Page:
My blogging consistency has been anything but. And I’m sorry because I can see my regular readers checking in every so often and there’s just been nothing exciting here in a while.
Although, I suppose if I consider it, nothing too exciting has actually gone on as of late which is good for me because I often like my eggs over easy. In addition, my life’s definition of ”exciting” doesn’t always mean winning the lottery or sitting across from James Franco in a dimly lit, steamy-windowed coffee shop.
So anyway, I do have an interesting and exciting true story to report. This one’s a goodie and hopefully it will entertain you long enough until the next catastrophe rushes into my life without warning. I am going to graduate cum laude in resiliency and patience training by the time this frigging life is through with me!
Between Thursday and Sunday I experienced: Concern, worry, extreme elation, consternation, fury, diabolical rage, frustration, bewilderment, happiness and the wind in my hair.
In a very long-winded and verbose fashion (albeit we are covering four days here), the story goes like this:
I met my friends for lunch this past Thursday at The Plant on Railway about a ten minute walk from my work. We had a nummy lunch, parted ways, and I made my way back. It was snowing that day - heavy, watery snowflakes which dissolved into droplets millimeters before landing on warm bodies below. It was easy to get soaked walking for too long but this walk was short and I welcomed the fresh, wintry air.
I arrived at work and walked up the stairs to my office reaching into my jacket pocket to check the time on my cell phone which was no longer in my pocket. My heart sank. I rushed into work to advise my colleagues of the sitch and headed right back out the door, trudging all the way back to The Plant following my own boot tracks right through the door. No one had turned in my phone. I left and walked back to work following the same path I had made three trips before and frantically scanned the sidewalks and roads. Nothing.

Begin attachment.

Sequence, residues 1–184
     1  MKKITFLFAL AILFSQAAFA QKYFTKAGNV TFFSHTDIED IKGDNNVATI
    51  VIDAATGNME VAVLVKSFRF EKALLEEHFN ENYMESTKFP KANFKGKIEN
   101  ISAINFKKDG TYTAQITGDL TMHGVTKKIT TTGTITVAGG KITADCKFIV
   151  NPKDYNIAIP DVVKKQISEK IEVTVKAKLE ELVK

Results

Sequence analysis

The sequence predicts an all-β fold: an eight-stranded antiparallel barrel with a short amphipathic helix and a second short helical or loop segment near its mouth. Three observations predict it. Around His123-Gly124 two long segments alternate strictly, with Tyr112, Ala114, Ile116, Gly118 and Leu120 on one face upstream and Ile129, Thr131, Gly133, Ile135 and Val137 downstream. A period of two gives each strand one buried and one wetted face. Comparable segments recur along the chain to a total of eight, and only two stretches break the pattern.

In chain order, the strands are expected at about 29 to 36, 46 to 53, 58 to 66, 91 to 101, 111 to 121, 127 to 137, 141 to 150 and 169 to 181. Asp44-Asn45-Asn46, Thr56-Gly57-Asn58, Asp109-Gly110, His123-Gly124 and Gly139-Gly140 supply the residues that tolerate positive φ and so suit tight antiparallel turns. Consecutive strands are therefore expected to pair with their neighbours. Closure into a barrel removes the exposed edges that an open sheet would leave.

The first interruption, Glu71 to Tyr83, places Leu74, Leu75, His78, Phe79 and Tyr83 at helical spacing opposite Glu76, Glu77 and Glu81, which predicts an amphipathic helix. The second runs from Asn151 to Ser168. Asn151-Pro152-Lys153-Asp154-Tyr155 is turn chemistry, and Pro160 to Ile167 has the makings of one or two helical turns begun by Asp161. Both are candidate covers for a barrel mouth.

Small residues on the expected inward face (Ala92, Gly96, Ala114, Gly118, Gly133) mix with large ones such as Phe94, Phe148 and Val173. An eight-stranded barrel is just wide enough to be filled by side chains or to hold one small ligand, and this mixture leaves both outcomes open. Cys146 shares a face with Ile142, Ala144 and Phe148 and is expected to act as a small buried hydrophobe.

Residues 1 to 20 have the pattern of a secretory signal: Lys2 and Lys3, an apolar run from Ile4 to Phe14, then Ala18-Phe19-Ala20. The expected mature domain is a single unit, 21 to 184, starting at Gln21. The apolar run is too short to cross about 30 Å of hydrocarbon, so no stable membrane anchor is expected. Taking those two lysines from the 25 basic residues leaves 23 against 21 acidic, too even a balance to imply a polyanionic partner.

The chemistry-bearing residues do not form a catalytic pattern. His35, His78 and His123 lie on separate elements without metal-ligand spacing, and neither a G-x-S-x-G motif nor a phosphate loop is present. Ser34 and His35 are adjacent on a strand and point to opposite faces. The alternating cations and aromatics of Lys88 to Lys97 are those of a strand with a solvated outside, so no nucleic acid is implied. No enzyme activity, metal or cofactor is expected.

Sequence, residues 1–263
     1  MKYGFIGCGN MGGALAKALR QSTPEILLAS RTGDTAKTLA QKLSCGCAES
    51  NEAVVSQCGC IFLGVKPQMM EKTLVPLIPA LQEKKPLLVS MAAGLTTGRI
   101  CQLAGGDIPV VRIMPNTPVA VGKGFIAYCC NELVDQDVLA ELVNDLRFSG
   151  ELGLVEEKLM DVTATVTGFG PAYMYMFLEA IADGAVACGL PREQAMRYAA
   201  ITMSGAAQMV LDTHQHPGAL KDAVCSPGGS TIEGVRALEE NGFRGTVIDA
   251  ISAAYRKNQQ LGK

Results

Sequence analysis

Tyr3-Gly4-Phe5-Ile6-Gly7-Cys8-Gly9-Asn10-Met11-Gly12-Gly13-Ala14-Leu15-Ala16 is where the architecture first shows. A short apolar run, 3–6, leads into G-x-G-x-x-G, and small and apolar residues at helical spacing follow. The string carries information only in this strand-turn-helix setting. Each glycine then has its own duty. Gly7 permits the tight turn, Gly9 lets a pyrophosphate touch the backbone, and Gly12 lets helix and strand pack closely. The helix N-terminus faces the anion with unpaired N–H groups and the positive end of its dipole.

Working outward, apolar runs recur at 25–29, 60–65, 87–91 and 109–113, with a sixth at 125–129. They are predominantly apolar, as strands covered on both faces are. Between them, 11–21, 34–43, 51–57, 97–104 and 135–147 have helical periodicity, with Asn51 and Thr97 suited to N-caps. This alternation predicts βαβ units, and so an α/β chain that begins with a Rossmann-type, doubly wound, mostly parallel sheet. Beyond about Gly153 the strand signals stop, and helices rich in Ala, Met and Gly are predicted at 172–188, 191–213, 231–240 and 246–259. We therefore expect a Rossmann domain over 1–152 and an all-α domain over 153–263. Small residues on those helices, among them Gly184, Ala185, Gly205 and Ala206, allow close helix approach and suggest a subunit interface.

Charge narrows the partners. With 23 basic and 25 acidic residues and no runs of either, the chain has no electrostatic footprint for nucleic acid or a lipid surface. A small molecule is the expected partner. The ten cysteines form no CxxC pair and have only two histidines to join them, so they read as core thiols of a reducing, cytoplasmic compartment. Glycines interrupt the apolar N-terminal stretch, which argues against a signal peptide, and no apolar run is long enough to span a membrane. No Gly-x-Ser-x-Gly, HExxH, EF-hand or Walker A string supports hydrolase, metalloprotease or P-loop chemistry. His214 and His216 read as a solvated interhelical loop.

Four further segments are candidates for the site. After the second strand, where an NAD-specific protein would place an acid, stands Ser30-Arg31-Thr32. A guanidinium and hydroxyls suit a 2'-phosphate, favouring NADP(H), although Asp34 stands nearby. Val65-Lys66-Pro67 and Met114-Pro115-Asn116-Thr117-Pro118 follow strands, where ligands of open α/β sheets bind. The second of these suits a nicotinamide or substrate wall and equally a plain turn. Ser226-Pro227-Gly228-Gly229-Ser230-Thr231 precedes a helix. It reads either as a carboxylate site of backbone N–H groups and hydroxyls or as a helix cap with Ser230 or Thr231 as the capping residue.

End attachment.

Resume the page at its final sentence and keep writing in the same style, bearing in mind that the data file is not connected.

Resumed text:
I arrived back at work to stay for good and called my phone. My answering machine picked up right away. Please let it have been run over, I thought to myself as I would have been much more comfortable with that outcome versus my phone being in someone’s hands with all my personal text messages, contacts, calendar, and photos available for perusal for as long as my battery was alive. I called Telus to report my phone missing and forced myself to push the situation out of my mind so I could focus on working.
Later that afternoon I called Telus again to enquire about the phone upgrade options I had seen on my account last time I logged in. To my surprise the guy (his name was Carlos) told me that someone had found my phone and called it in to report it. She left her name and contact number. Carlos put me on hold while he called the number. He promptly came back to tell me that the number connected to one of the Triage Shelters in my area and that the woman wasn’t there. In all candid and humble honesty, when I found out this information, two things went through my head: 1) Please let it be someone who works there 2) Please don’t let it be a client.
Carlos gave me her name and the telephone number and we said goodbye.
I made the announcement to the office right after this and immediately the name was recognised. “Oh… she has your phone?” And it was not in an uplifting or reassuring way. My elation dissipated quickly as they told me personal accounts of their experiences dealing with her. I began to visualise the hands and fingernails of the person who my phone was now in the company of. I have a tendency to take note of noteworthy fingernails. I don’t know why I do this but it’s just one of the many odd things I do. As a result, the visualisation I had of her appendages made me shiver but clearly I had no confirmation on whether or not I was overreacting. I thought about the track ball on my Blackberry. I thought about the photos of Mandy’s kitten. I thought about my James Franco (don’t be alarmed) wallpaper that everyone laughs at. I thought about my recent text messages and the vet and dentist appointments I recently scheduled. I thought about important birthdays and the addresses of my friends and family.
Still, I thought to myself, I’m going to get her a really nice thank-you card and put a bit of Christmas money inside. I thought about what I would write in it and that maybe I’d also get her a gift card at Starbucks, too. Despite her not-so-good reputation in my office I still appreciate and understand the struggles the people in this area face and since I’m all for paying-it-forward in life I was almost excited to get my phone back and to see the look on her face when I gave her my gift in return.